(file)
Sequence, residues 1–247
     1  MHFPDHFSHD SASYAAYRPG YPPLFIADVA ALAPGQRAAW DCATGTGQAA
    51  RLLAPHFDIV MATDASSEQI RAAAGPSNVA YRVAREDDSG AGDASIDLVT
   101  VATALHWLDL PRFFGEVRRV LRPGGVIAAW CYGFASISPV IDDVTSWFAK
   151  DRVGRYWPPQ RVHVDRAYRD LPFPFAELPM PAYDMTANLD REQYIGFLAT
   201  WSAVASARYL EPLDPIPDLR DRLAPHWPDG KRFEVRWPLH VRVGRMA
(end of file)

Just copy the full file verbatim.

Sequence, residues 1–247
     1  MHFPDHFSHD SASYAAYRPG YPPLFIADVA ALAPGQRAAW DCATGTGQAA
    51  RLLAPHFDIV MATDASSEQI RAAAGPSNVA YRVAREDDSG AGDASIDLVT
   101  VATALHWLDL PRFFGEVRRV LRPGGVIAAW CYGFASISPV IDDVTSWFAK
   151  DRVGRYWPPQ RVHVDRAYRD LPFPFAELPM PAYDMTANLD REQYIGFLAT
   201  WSAVASARYL EPLDPIPDLR DRLAPHWPDG KRFEVRWPLH VRVGRMA